Mostly to connect with friends and family and learn about events, Facebook is the primary network of choice. Not really a Twitter user, and reports that a minority of his colleagues are using Twitter.

The other two students I spoke to corroborated this usage pattern.

Use of social media by his medical school to communicate with students

Currently, Chad says that the medical school relies on e-mail to communicate with students. However, there’s also a privately accessible sharepoint site where all the communications can be accessed on demand.

The other two (not USF) students corroborated this usage pattern as well – social media is not dominating school-student communication.

Why is University of South Florida Medical School engaged in social media then?

Chad told me simply, “Dean (Stephen) Klasko, he’s a techie.”  He said that Dr. Klasko tweets (@USFhealth ), blogs, and has a Facebook page, he keeps USF on the cutting edge.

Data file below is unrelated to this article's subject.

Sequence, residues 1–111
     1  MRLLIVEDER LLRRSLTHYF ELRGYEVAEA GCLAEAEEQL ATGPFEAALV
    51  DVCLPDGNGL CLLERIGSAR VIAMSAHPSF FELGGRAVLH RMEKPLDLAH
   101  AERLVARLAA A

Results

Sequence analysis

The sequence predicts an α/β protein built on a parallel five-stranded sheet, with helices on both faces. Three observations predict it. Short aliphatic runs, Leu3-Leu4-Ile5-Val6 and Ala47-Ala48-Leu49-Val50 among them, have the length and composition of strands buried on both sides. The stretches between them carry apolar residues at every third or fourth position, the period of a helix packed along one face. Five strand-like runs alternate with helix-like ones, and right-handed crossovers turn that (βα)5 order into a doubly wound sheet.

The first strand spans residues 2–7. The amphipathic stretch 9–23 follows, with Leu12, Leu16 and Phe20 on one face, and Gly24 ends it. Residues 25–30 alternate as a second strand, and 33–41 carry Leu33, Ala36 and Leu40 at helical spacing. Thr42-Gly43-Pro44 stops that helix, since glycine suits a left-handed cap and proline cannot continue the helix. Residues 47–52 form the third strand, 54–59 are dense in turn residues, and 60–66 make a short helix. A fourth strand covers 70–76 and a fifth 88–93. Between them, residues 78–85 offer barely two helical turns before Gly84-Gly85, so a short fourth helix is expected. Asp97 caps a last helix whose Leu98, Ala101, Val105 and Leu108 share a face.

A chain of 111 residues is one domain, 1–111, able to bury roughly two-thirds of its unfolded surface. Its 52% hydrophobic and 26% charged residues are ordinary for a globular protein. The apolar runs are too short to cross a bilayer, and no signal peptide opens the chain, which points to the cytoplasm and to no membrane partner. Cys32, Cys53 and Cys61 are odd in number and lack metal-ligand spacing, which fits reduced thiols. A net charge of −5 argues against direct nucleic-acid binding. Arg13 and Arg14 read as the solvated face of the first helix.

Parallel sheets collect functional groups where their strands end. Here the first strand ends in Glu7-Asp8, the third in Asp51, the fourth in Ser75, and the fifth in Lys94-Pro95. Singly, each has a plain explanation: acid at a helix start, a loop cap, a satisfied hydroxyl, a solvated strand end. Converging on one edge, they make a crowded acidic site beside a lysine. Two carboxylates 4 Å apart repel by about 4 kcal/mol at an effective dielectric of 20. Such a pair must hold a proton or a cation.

This combined with the way that USF plans its match day, in a very informal atmosphere see : YouTube – Match Day 2011 Video Invitation – makes social media a fit. “it’s a celebration,” Chad told me, and allowed he and his colleagues to share this special day (when medical students across the U.S. find out where they will train in the specialty of their dreams…) with friends and family across the country. The text messages and phone calls came immediately after hearing of the news on the live stream (see : Kiss me, I matched ).

What is the impression that your Dean creates in his use of social media?

He’s “More approachable” – “we are able to see someone through so many different avenues”